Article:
A stellar high school comedy with an A+ cast, a brilliant script loaded with witty dialogue, eye-catching cinematography, swift editing, and a danceable soundtrack.
At one time or another, most of the newspapermen and writers congregated at O'Rourke's Bar in Chicago. It had a rich and varied history as chronicled by Roger and others over the years. Its proprietor, Will Kilkeary, passed away recently and Roger would have been pleased to read that Will's funeral was described as a mixture of an Irish Wake and the movie "Little Miss Sunshine." Rest In Peace Will.The following obituary was published Tuesday, November 11th, by Maureen O'Donnell in the Chicago Sun-Times:
Will Kilkeary built and ran O’Rourke’s, a sepia-tinged North Avenue bar where some of the finest writers in the nation gathered to drink, smoke and argue, activities then considered superior to a health club membership for relieving stress.
Chicago Sun-Times film critic Roger Ebert immortalized O’Rourke’s in his memoir, “Life Itself”: “O’Rourke’s was our stage, and we displayed our personas there nightly. ... I was invited for opening night in 1966 by Nan Lundberg, an editor of the Daily Illini, who’d married Will Kilkeary, its owner. Will was a friendly little guy who sometimes late on St. Patrick’s Day would climb onto the shelf above the door for a nap. A call from [Ebert’s good friend John] McHugh woke me one March 17: ‘Ebert, I think Willie is in the slammer. On the news they said a man in a leprechaun costume was arrested while trying to paint a green stripe down North Avenue.’ ... On a good night you might see Mike Royko, Studs Terkel, Nelson Algren, and such visiting firemen as Robert Novak, Pat Conroy and Tom Wolfe.”
Mr. Kilkeary, 74, who had emphysema and chronic obstructive pulmonary disease, died Friday after surgery at Gundersen Lutheran Medical Center in La Crosse, Wisconsin. He went in for abdominal surgery but failed to recover and wound up on life support, according to his daughter, Terra Kilkeary.
The visitation, a mix of an Irish wake and “Little Miss Sunshine,” would have pleased the regulars at O’Rourke’s.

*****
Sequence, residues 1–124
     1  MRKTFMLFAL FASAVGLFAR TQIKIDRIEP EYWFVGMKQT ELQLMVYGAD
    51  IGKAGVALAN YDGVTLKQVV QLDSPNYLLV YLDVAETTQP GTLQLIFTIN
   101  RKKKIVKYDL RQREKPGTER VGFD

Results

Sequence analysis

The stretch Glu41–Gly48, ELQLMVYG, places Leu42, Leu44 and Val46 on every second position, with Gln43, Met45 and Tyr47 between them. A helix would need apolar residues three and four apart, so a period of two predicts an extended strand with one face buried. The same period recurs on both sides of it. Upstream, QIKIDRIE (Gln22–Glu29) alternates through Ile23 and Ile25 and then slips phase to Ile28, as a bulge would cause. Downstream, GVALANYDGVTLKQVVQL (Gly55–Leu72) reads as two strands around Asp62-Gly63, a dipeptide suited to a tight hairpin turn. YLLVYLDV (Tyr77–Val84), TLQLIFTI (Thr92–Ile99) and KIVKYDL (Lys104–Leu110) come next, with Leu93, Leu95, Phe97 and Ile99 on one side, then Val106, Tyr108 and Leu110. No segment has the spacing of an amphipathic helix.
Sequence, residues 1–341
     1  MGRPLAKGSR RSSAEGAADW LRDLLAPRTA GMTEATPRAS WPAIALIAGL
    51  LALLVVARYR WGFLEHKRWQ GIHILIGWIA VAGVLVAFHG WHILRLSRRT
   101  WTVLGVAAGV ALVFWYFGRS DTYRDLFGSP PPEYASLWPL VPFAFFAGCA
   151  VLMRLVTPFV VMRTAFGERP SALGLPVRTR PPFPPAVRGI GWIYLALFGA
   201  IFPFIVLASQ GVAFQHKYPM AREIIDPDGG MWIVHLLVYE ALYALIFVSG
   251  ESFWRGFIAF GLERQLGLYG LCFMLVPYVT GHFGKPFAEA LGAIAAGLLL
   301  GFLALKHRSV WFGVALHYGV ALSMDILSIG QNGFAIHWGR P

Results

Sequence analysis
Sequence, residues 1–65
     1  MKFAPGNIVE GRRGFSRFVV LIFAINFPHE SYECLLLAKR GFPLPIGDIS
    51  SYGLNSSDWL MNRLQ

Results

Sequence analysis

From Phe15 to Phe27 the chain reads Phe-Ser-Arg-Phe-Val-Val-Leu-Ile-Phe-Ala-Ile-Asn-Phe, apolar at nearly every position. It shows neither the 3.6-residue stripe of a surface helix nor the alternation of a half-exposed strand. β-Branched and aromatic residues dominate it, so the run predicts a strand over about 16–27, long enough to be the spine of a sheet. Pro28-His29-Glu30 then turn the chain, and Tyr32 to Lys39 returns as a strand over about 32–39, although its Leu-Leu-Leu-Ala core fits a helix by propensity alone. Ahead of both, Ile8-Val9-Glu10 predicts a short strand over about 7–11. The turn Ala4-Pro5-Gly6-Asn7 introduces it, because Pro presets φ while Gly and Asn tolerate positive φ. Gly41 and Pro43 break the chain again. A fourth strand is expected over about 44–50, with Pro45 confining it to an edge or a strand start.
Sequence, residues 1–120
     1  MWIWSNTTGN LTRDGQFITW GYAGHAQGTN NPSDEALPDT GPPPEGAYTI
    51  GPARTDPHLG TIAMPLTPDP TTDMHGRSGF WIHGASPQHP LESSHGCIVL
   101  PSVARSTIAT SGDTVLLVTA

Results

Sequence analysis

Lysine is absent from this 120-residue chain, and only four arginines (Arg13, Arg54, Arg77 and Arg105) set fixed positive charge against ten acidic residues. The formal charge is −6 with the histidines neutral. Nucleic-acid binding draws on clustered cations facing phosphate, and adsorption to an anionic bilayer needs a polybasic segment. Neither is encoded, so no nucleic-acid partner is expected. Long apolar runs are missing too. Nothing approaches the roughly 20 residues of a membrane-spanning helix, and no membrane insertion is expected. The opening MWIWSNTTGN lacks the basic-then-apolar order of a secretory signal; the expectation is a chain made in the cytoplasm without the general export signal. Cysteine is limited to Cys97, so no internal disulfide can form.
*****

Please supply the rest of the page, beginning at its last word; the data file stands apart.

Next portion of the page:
“We took him home from the hospital in a cardboard box and hoped we wouldn’t get stopped by the police,” said a friend, Dr. Ben Agar. “We arranged him in a lovely spot on his bed. He had his Irish flag and bodhran [Irish drum] over him. All of his friends came by. We had viewings for two days.”
“There was a lot of Irish and old-time music,” his daughter said. “There was dancing and food shared among friends, just like his birthday parties.”
Photos were displayed from O’Rourke’s, the handsome tavern with looming pictures of Yeats, Joyce, Behan and Shaw that he created at 319 W. North Ave. and operated from 1965 to 1976.
In 1979, he moved to Wisconsin. He made a life in the southwestern part of the state around La Crosse, Westby and Viroqua, where the Amish, old hippies, farmers and organic food co-ops enjoy a crunchy-granola coexistence.
Since 1980, his daughter said, he had more than 5,000 of his four-line poems, dubbed “Kickapoo Sonnets,” published in the Epitaph-News, a newspaper in the Viola-La Farge area that called him “our staff poet.” Samples are on his website, where he is billed as “Poet Laureate of LaFarge, Wisconsin”:
“I’m a poet by profession
For that is my natural bent,
And I only do my fencing work
To eat and pay the rent.”
For customers, he added this pitch: “You hire florists, chefs, photographers, why not a poet? A personal poem will outlast them all.”
He also wrote:
“I thank you morning coffee;
Without a cup of thee,
I might face the morning,
But it could not face me.”
For the past five years, Mr. Kilkeary had lived in Westby, Wisconsin, in a converted chicken coop on Agar’s property. It was a comfortable space with heat.
“He had a little outhouse and took showers at our house,” Agar said. “In payment, he would make us dinner every Thurday night, and we would go down and have dinner and play dominoes.”
Though he had fallen out of touch with the old O’Rourke’s crowd, Facebook and social media enabled him to reconnect with many of his Chicago friends. He loved to tell O’Rourke’s stories, his daughter said.
Mr. Kilkeary, who was married twice, was cremated. He also is survived by sons Timothy and Christopher and a grandson.
Click here to read Roger's memories of O'Rourke's published in September 2009.
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